Palm Pre snooping fears over ‘unpatched’ vCard flaw

Graham Cluley
Graham Cluley
@[email protected]

Palm Pre
Updated British security researchers are claiming that an unpatched flaw in the Palm Pre operating system could allow malicious hackers to bug calls and spy on users without their knowledge.

According to media reports, penetration experts at MWR InfoSecurity were able to construct a malicious vCard that could be sent to the victim’s Palm Pre via SMS text message, Bluetooth, or by tricking the user into visiting a web link.

MWR InfoSecurity claims that if the Palm Pre owner views the boobytrapped vCard, a backdoor can be opened on the their smartphone, and calls and data can be recorded and transmitted to remote hackers.

The researchers claim that they reported the serious security vulnerability to Palm in May, but that no action has yet been taken to protect users.

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Update MWR’s claims that Palm has taken no action are thrown into some confusion, however, by Palm’s own assertions. Matt Stewart, who works at Palm’s UK PR agency, contacted me to say that “The current version of webOS fixes the security vulnerability reported to Palm.”

He went on to confirm that webOS 1.4.5 resolves the security issue (release notes for the new version of WebOS are available on Palm’s website).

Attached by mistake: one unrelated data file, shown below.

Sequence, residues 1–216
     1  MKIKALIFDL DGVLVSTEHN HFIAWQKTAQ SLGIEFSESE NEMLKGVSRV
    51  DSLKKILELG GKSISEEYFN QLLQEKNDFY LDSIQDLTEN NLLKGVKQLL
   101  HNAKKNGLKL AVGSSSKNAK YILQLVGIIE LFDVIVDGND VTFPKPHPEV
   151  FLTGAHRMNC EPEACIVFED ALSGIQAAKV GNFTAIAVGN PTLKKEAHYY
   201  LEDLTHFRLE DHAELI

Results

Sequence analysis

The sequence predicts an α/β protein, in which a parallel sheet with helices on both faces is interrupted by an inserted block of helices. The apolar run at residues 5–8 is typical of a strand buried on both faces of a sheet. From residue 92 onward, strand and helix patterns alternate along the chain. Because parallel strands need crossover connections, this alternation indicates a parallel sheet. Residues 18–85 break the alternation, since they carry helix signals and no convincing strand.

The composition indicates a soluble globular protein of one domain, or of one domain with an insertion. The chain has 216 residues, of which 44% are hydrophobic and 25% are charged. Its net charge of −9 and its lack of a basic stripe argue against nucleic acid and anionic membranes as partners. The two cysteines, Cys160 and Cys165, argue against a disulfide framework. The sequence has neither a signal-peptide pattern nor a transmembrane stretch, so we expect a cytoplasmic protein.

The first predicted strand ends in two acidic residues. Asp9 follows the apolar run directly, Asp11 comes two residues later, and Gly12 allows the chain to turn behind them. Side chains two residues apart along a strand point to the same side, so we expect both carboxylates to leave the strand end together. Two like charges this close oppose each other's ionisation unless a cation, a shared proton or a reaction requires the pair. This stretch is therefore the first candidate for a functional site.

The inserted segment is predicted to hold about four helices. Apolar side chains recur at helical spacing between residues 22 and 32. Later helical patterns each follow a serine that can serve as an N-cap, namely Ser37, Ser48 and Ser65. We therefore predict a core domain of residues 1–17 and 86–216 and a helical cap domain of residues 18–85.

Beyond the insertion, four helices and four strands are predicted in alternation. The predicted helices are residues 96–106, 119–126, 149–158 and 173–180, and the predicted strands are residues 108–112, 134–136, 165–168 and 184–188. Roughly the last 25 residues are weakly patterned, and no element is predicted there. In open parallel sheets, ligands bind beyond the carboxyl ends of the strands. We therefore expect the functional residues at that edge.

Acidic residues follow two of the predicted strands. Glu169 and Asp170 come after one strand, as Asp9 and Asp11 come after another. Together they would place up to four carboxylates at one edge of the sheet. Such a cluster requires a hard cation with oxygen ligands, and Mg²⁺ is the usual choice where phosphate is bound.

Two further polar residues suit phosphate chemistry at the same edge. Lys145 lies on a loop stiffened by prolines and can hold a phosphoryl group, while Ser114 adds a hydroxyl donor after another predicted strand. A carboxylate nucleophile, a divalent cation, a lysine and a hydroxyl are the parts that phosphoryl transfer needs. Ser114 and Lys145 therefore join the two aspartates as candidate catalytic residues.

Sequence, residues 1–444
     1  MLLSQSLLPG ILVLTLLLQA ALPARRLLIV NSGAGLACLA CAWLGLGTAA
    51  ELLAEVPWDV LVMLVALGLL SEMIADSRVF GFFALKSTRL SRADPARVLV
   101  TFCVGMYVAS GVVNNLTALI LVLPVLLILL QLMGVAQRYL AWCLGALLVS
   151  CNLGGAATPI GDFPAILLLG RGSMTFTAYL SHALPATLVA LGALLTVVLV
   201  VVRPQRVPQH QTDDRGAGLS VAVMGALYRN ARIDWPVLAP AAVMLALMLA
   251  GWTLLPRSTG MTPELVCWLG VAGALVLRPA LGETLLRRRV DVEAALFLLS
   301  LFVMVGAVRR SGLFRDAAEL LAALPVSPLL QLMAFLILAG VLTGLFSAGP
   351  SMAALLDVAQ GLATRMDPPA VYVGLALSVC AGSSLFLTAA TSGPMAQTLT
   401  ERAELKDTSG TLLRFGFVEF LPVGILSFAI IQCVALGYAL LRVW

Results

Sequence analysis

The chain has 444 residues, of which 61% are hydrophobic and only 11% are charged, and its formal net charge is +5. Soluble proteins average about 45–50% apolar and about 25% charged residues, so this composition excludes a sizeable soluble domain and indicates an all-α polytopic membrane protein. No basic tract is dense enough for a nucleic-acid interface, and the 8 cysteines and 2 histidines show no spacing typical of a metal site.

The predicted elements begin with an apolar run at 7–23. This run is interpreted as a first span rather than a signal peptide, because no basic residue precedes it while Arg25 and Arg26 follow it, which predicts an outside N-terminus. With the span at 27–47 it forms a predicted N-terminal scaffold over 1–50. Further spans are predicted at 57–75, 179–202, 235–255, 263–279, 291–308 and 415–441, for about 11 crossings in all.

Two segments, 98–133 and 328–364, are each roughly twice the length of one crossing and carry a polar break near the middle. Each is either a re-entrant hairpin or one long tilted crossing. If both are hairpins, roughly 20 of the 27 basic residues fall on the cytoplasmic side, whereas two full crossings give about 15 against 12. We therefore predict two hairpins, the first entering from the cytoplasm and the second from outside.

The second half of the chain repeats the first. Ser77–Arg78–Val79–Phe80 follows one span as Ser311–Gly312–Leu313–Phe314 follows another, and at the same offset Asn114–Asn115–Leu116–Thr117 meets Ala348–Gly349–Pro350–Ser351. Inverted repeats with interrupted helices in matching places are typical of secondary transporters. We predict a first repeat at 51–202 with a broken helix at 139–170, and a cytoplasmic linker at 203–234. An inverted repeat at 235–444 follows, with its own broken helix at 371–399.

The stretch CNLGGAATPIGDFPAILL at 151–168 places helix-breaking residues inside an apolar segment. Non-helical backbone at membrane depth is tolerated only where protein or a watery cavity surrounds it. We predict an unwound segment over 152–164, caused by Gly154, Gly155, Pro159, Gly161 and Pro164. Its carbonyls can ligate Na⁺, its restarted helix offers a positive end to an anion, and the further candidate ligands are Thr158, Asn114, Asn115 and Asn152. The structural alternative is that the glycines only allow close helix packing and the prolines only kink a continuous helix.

So is the vCard vulnerability really now fixed or not? “No” says MWR, who have published a statement on their website saying Palm’s claims of having patched the vulnerability are inaccurate, and that Pre customers are still exposed.

Of course, most smartphone users wouldn’t be at all surprised to be sent a vCard (the equivalent of an electronic business card), as a it is a common way of sharing contact information. It’s clear that as we put more and more sensitive information on our smartphones, we become more reliant upon the mobile operating system vendors to patch against security holes in a timely fashion.

Incidentally, MWR also claim to have found a flaw in Google Android that allows them to harvest usernames and passwords from the WebKit browser engine – which has been fixed in Android 2.2 Froyo.

PC Pro published an interview with Alex Fidgen, director of MWR Labs, which some may find interesting.

Graham Cluley is an award-winning keynote speaker who has given presentations around the world about cybersecurity, hackers, and online privacy. A veteran of the computer security industry since the early 1990s, he wrote the first ever version of Dr Solomon's Anti-Virus Toolkit for Windows, makes regular media appearances, and is the co-host of the popular "Smashing Security" podcast. Follow him on Twitter, Mastodon, Threads, Bluesky, or drop him an email.

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